Recently, to help pay the bills because the economic situation in my city of Philadelphia is so bad, I have taken to playing on the street. The experience has been enlightening, and for the most part positive.
Philadelphia is a 'blue collar' town, and not what one would call a 'cosmopolitan' type city. In fact, it can be quite mean. There is an appreciation of the arts here, but usually it comes with a high price, in terms of tickets and such. You have your Academy of Music, your Kimmel Center, and some other venues where it can be quite expensive to hear excellent music. Of course, whatever rock music that still comes to town is in the vein of a Bruce Springsteen, where tickets start at a ridiculous $100 a piece.
But Philadelphia has been a spawning ground for many great musicians, primary in th genre called Jazz. Also, many R & B and a handful of 'rock stars' hail from the city. So it does have a tradition.
Unfortunately, in the era of the Internet, with 'free downloads' of music, and the demise of stores where you can actually purchase PHYSICAL albums, CDs and discs, people do not want to pay money for music, unless it is a 'big name' like a Springsteen, or unless one is a subscriber to the Philadelphia Orchestra and the like. There are many, many problems for musicians who wish to work, maybe the biggest being the lack of booking agents, and the whole network that is connected with them. People now stay home for their entertainment with the 'Net', DVDs and the like.
But, neccesity is the mother of invention, so when other part time work opportunities fell through, I turned to the tried and true, my guitar.
Luckily, I have been in preparation for this for a number of years. I have been doing some solo work, at restaurants and bistros, and have developed a pleasing repetoire that is simply solo guitar. It is a bit tricky, since one has to play the melody, rythmn and harmony at the same time, and IN TIME. Pianists do this naturally, because of the nature of their instrument. Guitarist can do the same, but it takes more work, and a personalized approach.
Now, playing on the street, I approach it exactly as I do playing a club or concert. I have a prepared program of songs and pieces, which I organize according to my mood, and according to what vibes I feel from the people on the street. I play many 'cover tunes', meaning songs by other artists. I throw in Pop standards (Beatles, Mamas & Papas, Eagles) and Jazz (Adderly Brothers, Miles Davis, Coltrane) but I arrange them for solo guitar and blend in my personal style, which leans on Indian and Middle-eastern influences. When you hear me on the street, I try to present a 'class act', like you were in a good club.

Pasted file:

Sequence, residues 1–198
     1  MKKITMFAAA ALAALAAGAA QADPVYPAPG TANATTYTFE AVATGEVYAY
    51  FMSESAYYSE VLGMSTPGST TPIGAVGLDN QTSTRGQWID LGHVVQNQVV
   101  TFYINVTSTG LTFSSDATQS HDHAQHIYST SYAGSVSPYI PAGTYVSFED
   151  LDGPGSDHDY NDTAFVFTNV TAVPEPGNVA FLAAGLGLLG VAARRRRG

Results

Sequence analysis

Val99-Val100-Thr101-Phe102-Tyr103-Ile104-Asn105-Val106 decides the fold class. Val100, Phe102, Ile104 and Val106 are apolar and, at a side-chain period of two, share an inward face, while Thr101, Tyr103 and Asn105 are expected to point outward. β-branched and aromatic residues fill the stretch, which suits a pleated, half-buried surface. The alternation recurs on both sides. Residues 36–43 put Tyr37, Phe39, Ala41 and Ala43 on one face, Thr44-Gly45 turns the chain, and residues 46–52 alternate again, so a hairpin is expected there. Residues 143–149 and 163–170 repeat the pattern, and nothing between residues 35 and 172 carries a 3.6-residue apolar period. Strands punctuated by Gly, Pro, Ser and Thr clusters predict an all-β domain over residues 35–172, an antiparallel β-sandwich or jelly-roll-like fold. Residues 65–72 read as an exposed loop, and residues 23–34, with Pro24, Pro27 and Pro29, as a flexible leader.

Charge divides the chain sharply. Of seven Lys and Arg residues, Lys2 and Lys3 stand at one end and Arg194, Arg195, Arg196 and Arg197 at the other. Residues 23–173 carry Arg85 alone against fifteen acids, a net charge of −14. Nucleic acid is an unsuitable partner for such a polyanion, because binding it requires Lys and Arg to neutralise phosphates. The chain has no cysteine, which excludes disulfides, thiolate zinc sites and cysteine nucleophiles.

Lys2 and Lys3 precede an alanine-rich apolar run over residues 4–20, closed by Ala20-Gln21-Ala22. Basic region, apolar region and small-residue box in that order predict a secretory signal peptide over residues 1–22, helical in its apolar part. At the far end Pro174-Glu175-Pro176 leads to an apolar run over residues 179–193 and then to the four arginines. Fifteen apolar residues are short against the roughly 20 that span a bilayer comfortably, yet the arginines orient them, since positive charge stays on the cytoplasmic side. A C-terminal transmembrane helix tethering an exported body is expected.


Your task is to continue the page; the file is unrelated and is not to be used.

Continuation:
The people seem to like it. The young and the older ones, because the music has a good SOUND, and is geared towar soothing the soul. Since I have worked with many rythmnic elements, I even get compliments from the 'hip-hop' crowd because of the 'funk'.
Now, the money you make is hard earned. An average wage for a street musician might be $5-10 an hour. $10 on a good day or night. I also sell CDs to augment the cash flow. It is possible to make, say, $60 for 6 hours work.
The problem is finding a good spot, with a reasonable amount of foot traffic, and hopefully, not too much 'white noise' from busses and traffic. In addition, there are harrasment problems: from security guards, store owners and even other street musicians. The Philadelphia Police are usually OK. They have bigger problems to deal with, and most are entertained by the sound.
Especially in downtown Philadelphia, there can be competition for 'prime spots' or corners here there is a lot of pedestrian traffic. So, you need to get to spot early, so you don't have to fend off street hustlers or other musicians.
This competition and running around can be taxing. I have a friend, a violinist, who has supported himself by street playing for years, but he is rather frazzled by the whole deal, and can get in 'black moods' when you encounter him on the street. It takes a certain mindset to play on the street constantly, and you have to be tough.
I have been trying to pick and varie my spots, and to be reasonable in my money hopes. Sometimes you can play for 3 hours and make $5. But, if you have patience, there will come an hour where you can make $25-30 or even more sometimes.
What I enjoy most is just the playing for people, and I usually get a great response in terms of appreciative words and reaction, if not in money terms. People will come out of stores and listen and applaud. I like to set up, on a nice day or evening, near an out door cafe or restaurant, where people are relaxing enjoying a meal or a drink. Then, I provide the musical backdrop. After they finish, many people come over and tip you, and sometimes buy a CD. And you can meet the nicest people this way, people who genuinally like what some beautiful music can bring to an othewise ordinary day, or to a concrete jungle.
I would say to all that, if you see a street musician, give him something in terms of money. I can sit in a spot and play for two hours. Maybe, on a busy day, 300-400 people will walk by. If each one tipped just 25 CENTS that would earn the musician around $100!. Amazing. But most people are way 'too busy' or cught up talking on their 'self phone' or whatnot. But, you must stop and smell the roses! This is what life is about.
I tip my hat to all street musicans and artists, the 'Evangelists' of beauty and humanity.